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We investigated genetic, epidemiologic, and environmental factors contributing to positive Staphylococcus epidermidis joint cultures.
Retrospective cohort study with whole-genome sequencing (WGS).
We identified S. epidermidis isolates from hip or knee cultures in patients with 1 or more prior corresponding intra-articular procedure at our hospital.
WGS and single-nucleotide polymorphism–based clonality analyses were performed, including species identification, in silico multilocus sequence typing (MLST), phylogenomic analysis, and genotypic assessment of the prevalence of specific antibiotic resistance and virulence genes. Epidemiologic review was performed to compare cluster and noncluster cases.
In total, 60 phenotypically distinct S. epidermidis isolates were identified. After removal of duplicates and impure samples, 48 isolates were used for the phylogenomic analysis, and 45 (93.7%) isolates were included in the clonality analysis. Notably, 5 S. epidermidis strains (10.4%) showed phenotypic susceptibility to oxacillin yet harbored mecA, and 3 (6.2%) strains showed phenotypic resistance despite not having mecA. Smr was found in all isolates, and mupA positivity was not observed. We also identified 6 clonal clusters from the clonality analysis, which accounted for 14 (31.1%) of the 45 S. epidermidis isolates. Our epidemiologic investigation revealed ties to common aspirations or operative procedures, although no specific common source was identified.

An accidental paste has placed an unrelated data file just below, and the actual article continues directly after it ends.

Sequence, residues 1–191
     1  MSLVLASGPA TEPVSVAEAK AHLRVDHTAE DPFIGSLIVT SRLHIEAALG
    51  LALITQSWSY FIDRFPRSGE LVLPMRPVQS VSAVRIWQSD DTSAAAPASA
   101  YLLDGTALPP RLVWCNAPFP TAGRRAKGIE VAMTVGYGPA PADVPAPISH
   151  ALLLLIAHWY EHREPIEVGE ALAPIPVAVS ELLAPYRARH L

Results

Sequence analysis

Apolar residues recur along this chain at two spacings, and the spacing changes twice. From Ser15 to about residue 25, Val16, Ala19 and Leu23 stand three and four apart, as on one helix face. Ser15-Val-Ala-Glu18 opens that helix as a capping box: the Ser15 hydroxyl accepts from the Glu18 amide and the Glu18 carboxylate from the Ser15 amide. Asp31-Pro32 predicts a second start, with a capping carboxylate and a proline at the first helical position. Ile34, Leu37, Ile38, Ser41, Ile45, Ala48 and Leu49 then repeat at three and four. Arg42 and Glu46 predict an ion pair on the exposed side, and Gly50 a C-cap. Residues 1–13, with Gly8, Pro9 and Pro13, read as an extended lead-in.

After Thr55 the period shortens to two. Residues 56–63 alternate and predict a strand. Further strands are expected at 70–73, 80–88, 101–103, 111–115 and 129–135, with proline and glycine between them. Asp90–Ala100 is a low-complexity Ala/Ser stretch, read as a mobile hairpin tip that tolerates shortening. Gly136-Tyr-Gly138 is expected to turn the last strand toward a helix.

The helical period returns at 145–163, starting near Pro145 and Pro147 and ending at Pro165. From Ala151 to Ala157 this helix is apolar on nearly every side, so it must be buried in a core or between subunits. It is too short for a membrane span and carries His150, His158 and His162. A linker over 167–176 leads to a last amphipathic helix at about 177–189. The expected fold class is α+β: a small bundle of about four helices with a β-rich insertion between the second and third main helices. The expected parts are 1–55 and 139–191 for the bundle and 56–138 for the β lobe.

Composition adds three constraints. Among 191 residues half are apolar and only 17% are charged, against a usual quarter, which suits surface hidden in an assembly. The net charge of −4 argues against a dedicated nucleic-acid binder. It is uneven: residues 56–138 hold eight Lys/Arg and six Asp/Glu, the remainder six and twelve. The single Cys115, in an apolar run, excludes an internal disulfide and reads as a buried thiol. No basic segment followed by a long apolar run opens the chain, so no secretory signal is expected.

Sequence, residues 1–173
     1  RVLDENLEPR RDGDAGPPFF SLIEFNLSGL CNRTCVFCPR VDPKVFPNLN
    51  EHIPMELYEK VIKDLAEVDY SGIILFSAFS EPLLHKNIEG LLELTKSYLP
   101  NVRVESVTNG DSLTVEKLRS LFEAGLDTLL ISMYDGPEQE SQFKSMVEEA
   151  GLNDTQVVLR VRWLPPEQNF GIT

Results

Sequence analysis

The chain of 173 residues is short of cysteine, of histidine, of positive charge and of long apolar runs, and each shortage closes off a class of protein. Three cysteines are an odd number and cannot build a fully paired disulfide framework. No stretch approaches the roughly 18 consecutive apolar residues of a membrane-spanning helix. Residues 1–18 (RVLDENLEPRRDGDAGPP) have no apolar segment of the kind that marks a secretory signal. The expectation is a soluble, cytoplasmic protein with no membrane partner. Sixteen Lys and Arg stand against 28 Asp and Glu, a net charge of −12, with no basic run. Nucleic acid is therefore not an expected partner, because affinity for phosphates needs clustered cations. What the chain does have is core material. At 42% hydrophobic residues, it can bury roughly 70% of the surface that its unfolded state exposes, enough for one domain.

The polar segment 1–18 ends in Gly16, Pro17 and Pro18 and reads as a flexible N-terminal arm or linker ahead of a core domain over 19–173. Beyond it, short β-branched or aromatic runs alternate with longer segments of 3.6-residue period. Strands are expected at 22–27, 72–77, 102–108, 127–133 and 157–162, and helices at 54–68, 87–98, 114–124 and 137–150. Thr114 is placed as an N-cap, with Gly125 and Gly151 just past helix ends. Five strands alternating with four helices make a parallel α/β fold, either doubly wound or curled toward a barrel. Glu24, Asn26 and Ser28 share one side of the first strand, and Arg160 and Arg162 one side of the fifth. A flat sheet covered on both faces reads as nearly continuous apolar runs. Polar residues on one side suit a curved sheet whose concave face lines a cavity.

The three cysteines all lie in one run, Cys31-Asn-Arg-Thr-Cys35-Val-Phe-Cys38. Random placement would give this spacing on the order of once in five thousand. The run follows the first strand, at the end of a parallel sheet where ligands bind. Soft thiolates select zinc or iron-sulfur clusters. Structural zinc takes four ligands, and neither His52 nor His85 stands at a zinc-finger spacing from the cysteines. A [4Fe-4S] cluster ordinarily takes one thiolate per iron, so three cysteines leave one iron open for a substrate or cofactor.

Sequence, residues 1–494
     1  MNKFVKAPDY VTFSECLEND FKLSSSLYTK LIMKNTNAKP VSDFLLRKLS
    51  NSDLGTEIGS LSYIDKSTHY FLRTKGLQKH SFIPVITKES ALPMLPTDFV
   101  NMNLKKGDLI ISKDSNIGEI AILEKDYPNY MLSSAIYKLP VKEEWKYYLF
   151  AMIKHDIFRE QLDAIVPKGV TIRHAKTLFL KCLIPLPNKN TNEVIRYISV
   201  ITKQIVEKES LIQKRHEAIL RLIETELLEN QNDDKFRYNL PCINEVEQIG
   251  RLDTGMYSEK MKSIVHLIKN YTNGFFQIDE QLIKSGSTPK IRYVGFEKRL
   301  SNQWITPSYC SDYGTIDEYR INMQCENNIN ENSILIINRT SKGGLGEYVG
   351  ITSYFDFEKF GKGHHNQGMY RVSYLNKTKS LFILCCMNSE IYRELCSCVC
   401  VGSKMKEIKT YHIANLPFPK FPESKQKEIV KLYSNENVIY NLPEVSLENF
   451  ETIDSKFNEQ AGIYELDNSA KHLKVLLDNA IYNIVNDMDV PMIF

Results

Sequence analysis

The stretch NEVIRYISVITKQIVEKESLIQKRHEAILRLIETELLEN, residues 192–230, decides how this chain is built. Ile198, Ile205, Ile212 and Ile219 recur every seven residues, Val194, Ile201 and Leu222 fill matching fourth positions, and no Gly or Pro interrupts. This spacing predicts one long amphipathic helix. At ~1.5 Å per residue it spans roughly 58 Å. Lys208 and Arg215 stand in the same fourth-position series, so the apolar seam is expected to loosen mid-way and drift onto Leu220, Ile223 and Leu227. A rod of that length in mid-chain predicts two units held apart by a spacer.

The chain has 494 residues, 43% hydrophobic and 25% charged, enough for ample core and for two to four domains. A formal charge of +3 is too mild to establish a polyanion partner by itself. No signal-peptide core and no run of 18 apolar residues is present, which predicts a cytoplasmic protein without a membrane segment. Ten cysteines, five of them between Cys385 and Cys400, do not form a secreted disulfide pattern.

Most S. epidermidis isolates from clinical joint samples are diverse in origin, but we identified an important subset of 31.1% that belonged to subclinical healthcare–associated clusters. Clusters appeared to resolve spontaneously over time, suggesting the benefit of routine hospital infection control and disinfection practices.